Gale Straub – Narration:

I love that – setting boundaries opens up options for you. Before my conversation with Nicole I asked my team if anyone had any specific questions for her about self defense and Tori, who produces a lot of our ads, asked this one:

Gale Straub:

Say you did stumble upon someone on the trail who needed help, you know, who was in an altercation of some kind. What advice would you have for someone in terms of intervening on someone else’s behalf? If there is a situation that looks like someone could use help.

Nicole Snell:

Oh, that’s a great question. Oh gosh. I wish there was one simple way to answer it. There’s not really, if you come across something, you’re going to have to use your intuition. You know, we, I don’t, I would say we, I don’t want you to intervene in something that has already escalated to violence and now you could possibly be injured. So in a situation like that, unless you feel safe, intervening, then you can go get help. If you feel safe and comfortable calling nine one, one, or you, depending on where you are, if you can call the ranger or something like that to get emergency services, then you can always do that. If you’re hiking with a group, maybe the group together could intervene. You can ask the person, you know, do they need help or what’s going on? What I teach with my bystander intervention segment is I talk about non complementary behavior, which is where you kind of go into the situation with opposite energy sustain.

Nicole Snell:

Maybe you’ve walked into like an argument and it looks like it might be escalating. You can just say, Hey, you know, I saw a mountain lion up there. Did you see, you know, something to distract them something to take their mind off of what’s happening and seeing if you can get the person that is being assaulted or the person that is in need of help, see if you can get them to come with you or get out of the situation. But it’s all about bursting you to look and see what’s happening. Do you feel safe, intervening? And if you do okay, what are some of my options? And that’s going to be dependent on who you are, where you are what’s happening.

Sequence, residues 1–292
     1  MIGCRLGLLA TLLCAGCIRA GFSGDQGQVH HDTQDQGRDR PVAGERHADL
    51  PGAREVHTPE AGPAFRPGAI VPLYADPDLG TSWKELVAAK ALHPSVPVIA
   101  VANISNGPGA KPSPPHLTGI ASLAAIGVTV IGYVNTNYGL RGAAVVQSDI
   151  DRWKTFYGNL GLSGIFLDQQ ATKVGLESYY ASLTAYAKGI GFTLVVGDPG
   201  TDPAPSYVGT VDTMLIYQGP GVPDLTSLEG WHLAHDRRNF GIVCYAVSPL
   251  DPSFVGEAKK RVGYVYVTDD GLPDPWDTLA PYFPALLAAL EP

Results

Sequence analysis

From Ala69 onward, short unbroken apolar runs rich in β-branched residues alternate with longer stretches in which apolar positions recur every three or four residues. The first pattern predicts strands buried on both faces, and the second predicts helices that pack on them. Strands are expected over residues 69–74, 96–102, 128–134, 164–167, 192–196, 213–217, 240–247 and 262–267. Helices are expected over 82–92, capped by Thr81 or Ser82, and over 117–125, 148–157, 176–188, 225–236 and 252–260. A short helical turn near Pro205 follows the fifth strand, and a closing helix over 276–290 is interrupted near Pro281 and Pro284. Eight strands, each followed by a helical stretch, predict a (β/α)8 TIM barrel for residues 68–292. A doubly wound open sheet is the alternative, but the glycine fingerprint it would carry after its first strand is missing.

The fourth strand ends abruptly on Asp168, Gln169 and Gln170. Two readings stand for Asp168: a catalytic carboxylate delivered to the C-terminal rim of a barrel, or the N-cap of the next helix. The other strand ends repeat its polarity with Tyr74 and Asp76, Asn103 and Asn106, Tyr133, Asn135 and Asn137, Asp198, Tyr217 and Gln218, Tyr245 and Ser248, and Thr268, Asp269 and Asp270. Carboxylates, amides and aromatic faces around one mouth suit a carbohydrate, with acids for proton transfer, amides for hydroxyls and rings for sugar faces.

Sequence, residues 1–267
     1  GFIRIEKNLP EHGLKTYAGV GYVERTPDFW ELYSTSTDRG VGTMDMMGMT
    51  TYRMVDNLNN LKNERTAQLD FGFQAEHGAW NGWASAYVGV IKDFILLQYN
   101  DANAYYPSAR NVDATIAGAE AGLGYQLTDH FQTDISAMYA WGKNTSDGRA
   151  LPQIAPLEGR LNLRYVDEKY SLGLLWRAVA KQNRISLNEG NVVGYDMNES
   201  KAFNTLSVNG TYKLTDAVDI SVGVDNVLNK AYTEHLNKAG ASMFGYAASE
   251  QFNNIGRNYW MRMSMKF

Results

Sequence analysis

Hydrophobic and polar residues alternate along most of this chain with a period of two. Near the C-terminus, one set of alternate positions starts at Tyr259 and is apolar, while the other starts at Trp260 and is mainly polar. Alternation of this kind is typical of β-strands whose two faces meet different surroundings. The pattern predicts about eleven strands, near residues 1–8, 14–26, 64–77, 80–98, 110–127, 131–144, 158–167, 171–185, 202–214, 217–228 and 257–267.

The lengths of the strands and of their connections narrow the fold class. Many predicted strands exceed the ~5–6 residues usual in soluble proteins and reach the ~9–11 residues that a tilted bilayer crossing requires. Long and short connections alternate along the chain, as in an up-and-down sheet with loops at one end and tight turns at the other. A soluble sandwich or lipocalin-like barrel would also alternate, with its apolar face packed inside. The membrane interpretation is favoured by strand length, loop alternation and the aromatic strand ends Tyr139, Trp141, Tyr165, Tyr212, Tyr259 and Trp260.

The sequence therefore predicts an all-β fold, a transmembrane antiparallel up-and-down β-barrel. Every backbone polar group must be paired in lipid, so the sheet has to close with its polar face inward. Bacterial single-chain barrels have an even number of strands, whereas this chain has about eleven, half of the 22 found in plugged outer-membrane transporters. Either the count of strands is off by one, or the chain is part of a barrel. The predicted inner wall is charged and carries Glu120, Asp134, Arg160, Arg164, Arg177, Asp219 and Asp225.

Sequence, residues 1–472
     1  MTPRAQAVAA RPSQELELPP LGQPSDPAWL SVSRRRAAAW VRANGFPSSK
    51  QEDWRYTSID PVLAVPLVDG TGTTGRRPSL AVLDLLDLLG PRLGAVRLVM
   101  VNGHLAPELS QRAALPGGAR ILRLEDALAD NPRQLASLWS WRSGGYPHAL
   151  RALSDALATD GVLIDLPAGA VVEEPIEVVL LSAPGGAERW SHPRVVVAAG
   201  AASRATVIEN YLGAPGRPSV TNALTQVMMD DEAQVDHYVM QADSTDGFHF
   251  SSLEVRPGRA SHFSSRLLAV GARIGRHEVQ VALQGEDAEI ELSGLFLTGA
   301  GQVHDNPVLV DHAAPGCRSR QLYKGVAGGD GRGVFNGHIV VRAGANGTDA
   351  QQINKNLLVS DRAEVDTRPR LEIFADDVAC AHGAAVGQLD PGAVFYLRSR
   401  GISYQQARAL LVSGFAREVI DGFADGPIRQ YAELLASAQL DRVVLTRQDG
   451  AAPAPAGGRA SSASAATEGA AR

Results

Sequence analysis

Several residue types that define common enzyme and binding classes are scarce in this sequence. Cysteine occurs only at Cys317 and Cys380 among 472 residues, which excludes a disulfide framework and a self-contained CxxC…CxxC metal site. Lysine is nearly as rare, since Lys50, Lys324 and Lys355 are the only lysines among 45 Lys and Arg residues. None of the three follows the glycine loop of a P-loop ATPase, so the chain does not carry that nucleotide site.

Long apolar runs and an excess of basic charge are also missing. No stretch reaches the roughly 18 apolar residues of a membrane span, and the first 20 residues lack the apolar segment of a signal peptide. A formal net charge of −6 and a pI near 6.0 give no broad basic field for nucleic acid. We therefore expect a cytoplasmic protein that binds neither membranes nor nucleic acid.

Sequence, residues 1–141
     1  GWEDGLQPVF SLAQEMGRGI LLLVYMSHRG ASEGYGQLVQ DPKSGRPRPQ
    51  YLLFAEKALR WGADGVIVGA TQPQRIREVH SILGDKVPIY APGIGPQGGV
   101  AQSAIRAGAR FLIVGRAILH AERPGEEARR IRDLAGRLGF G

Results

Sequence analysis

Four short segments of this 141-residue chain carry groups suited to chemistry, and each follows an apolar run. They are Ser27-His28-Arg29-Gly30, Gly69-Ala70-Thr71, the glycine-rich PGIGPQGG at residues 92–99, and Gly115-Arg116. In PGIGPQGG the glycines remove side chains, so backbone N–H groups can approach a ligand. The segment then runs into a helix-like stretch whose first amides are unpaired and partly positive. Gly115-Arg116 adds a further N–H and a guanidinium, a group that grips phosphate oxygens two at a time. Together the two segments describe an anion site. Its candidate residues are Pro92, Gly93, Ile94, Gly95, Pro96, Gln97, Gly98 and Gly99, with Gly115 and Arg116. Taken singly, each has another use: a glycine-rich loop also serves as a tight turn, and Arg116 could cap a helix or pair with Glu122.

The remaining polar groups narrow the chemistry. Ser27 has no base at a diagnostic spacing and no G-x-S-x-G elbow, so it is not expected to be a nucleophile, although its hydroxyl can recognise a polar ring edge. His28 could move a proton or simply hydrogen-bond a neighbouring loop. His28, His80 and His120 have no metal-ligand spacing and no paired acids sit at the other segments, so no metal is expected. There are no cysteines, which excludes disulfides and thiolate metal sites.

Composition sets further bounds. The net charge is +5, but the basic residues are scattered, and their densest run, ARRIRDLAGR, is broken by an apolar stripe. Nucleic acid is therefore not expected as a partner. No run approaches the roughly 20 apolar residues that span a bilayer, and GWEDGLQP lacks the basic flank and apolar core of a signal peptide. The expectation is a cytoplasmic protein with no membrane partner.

Gale Straub:

Absolutely. That’s great advice though. Thank you for, for taking a really broad question and coming up with some different scenarios that could occur.

Nicole Snell:

Well, you’re welcome. Thank you. I love, I love this stuff. I mean, gosh, this is, this is my passion talking about this. So this is wonderful. Ask away. One

Gale Straub:

Thing that I know that comes up a, when we talk about personal safety is whether or not to carry something like pepper spray or a knife or some other type of weapon, it always feels like a loaded conversation. It often is something that a lot of people feel differently about. If you’re comfortable speaking to it, I would love to hear what your thoughts are.

Nicole Snell:

I would be happy to speak on this. This comes up a lot. Like you said, I, I see it all the time. People DME about it. Whenever I do a Q and a it’s always one of the first things people ask is what do you carry? As far as like a weapon or a tool? What do you recommend that we carry you’re right? There are a lot of different ways to approach this and everyone has their own opinions. And I I’m going to express my opinions if they differ from anyone. Else’s I mean, no disrespect to anyone else. I’m just going to put out there my philosophies on it. First of all, I am an advocate for education and not necessarily an advocate for weapons, which means I am never going to suggest that someone goes out and gets a weapon and carries it with them.

Nicole Snell:

I am going to advocate for education so that if you choose to carry a weapon, my number one advice to you is that you have to train with it. You just have to, you can’t buy something. And then all of a sudden expect to know how to handle that tool or weapon in an adrenalized situation. That’s not something that’s talked about a lot. So let’s talk about the science of it. When your body is highly adrenalized, your gross motor skills go up. So big movements, big movements that don’t take a lot of articulation, you know, like a heel Palm or running, but your fine motor skills go down. That’s things that require your hands, your fingers, putting a key in a door, lock, putting a key in an ignition, switch, opening a zipper, or unlocking a pepper spray. Things like that. That take highly articulated movements.

Nicole Snell:

They’re not as readily available to you when you’re adrenalized, unless you’ve trained in that state, unless you’ve trained with it. So if you are going to get a weapon, you need to be able to train with it. You need to be able to get it out quickly. You need to know that if you don’t train with it, that it may not respond in the way that you expect it to when you are in a stressful situation. And then the second thing I’ll say about weapons is that anything that you bring into a fight, it can be used against you. We have to just accept that reality. It could happen. And the third thing is that I want to empower people to put their trust and their security and their safety in themselves and their bodies and their minds. Because those are the things that you’ll have with you.